"Incidentally, it would appear to be somewhat significant of the legislative intention that sections 5.405 and 5.406 were passed at the same time--the latter clearly negating any intention of creating a vested right.

"Finally, the plaintiff here urges with great earnestness that the case of Indiana ex rel. Anderson v. Brand, 303 U.S. 95 [58 S. Ct. 443, 82 L. Ed. 685, 113 A.L.R. 1482], is determinative of her rights in the premises.

"Three times the United States Supreme Court has recently passed upon the application of art. I, sec. 10, subd. 1, of the federal Constitution to state school matters. In Dodge v. Board of Education, 302 U.S. 74 [58 S. Ct. 98, 82 L. Ed. 57], and Phelps v. Board of Education, 300 U.S. 319 [57 S. Ct. 483, 81 L. Ed. 674], it was held that state statutes which changed a teacher's tenure or retirement payment did not violate the constitutional inhibition against the impairment of contracts; while in the Anderson case (supra) a contrary holding was made.

"Strangely enough, all three decisions were written by Mr. Justice Roberts.

"Plaintiff here attempts to distinguish the cases on the theory that the Dodge and Phelps cases arose in states where the status of a teacher was that of an officer (Illinois and New Jersey), while the Anderson can arose in a state (Indiana) where a teacher's status was that of an employee, as in California.

"Such a distinction may well have been made, as plaintiff's [60 Cal. App. 2d 744] relation of the facts in that respect appears to be accurate; but the learned Justice who wrote the decisions did not make that distinction.

"A careful comparison of the Dodge and Anderson decisions, both written by the same Justice at the same term of court, discloses a much more substantial reason for the difference in results between these two cases.

"Quoting from the Dodge case: 'In determining whether a law tenders a contract to a citizen, it is of first importance to examine the language of the statute. If it provides for the execution of a written contract, on behalf of the state, the case for an obligation binding upon the state is clear. Equally clear is the case where a statute confirms a settlement of disputed rights, and defines its terms. On the other hand, an act merely fixing salaries of officers creates no contract in their favor, and the compensation named may be altered at the will of the Legislature. This is true also of an act fixing the term or tenure of a public officer or an employee of a state agency.'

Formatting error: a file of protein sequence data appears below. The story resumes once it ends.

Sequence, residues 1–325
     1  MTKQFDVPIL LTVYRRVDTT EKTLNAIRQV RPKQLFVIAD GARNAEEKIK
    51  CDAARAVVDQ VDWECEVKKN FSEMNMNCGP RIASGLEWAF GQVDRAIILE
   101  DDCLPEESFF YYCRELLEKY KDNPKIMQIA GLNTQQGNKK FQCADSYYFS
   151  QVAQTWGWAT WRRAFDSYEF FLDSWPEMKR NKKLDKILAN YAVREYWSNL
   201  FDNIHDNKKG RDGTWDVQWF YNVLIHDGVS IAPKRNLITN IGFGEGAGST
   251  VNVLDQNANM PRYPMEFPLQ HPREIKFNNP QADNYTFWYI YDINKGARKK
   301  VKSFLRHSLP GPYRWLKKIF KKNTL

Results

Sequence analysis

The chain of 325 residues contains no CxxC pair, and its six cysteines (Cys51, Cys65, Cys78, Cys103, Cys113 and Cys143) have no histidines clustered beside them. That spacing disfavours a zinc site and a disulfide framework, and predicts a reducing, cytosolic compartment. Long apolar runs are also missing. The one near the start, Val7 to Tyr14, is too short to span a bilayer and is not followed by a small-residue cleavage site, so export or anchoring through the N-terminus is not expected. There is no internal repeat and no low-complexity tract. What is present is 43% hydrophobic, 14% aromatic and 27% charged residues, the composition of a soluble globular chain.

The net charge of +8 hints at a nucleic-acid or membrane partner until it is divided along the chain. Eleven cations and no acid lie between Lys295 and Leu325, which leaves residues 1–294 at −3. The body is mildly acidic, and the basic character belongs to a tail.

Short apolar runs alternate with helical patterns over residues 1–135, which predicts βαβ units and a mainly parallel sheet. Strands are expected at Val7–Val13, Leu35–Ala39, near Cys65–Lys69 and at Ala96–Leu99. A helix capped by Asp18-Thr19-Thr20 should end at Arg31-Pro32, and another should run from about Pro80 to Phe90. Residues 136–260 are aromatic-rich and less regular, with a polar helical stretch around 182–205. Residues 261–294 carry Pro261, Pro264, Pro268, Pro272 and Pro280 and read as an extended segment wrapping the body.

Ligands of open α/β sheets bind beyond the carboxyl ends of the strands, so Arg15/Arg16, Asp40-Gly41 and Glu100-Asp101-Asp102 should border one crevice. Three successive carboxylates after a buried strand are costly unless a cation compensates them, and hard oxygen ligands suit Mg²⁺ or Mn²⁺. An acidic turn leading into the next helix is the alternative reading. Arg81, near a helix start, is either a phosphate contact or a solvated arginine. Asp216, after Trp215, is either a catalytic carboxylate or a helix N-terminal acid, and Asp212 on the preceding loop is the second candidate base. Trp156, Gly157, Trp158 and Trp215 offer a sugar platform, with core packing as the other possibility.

"(It will be noted that in the last sentence quoted, an officer or employee of the state are placed by the learned Justice in the same category.)

"Continuing the quotation: 'The presumption is that such a law is not intended to create private contractual or vested rights, but merely declares a policy to be pursued until the Legislature shall ordain otherwise. He who asserts the creation of a contract with the state in such a case has the burden of overcoming the presumption.'

"Turning now to the Anderson case upon which this plaintiff relies, compare with the above these quotations: 'The principal function of a legislative body is not to make contracts, but to make laws which declare the policy of the state, and are subject to repeal when a subsequent Legislature shall determine to alter that policy.'

"The decision then proceeds to examine the act involved, to determine therefrom the intention of the Legislature. Quoting again: 'The State long prior to the adoption of the Act of 1927, required the execution of written contracts between teachers and school corporations--specified certain subjects with which such contracts must deal, and required that they be made a matter of public record. ... The title of the act is couched in terms of contract. It speaks of the making and cancelling of indefinite contracts. In the body the word "contract" appears ten times in Section 1, defining the relationship--eleven times in Section 2, relating to the termination [60 Cal. App. 2d 745] of the employment by the employer--and four times in Section 4, stating the conditions of termination by the teacher.

"'The tenor of the act indicates that the word "contract" was not used inadvertently or in other than its usual legal meaning.'

"From these quotations it would appear to be the view of the learned author of those two decisions that, as stated in the Dodge case, 'If it (the statute) provides for a written contract on behalf of the State, the case for an obligation binding on the State is clear'; and, as found in the Anderson case, that there the statute did provide for a written contract on behalf of the State, and hence, in that instance, and for that reason that an obligation binding on the State resulted. More than this I am unable to get out of the Anderson case.

"Compare, then, the situation as we have it in California, with that detailed as affording the basis of the Anderson decision, in Indiana. In no one element are the cases similar. Here there are no written contracts--no statutory requirements for explicit and written contracts--no requirement for public recordation of the contracts--no reference to the relationship as being one of definite contract; and, finally, here we have a broad, definite and unqualified declaration of the legislative policy, in section 5.406 of the School Code, that employment thereunder should be subject to legislative control and should never be deemed or construed as creating an unimpairable contract."

The judgment is affirmed.

Peters, P. J., and Knight, J., concurred.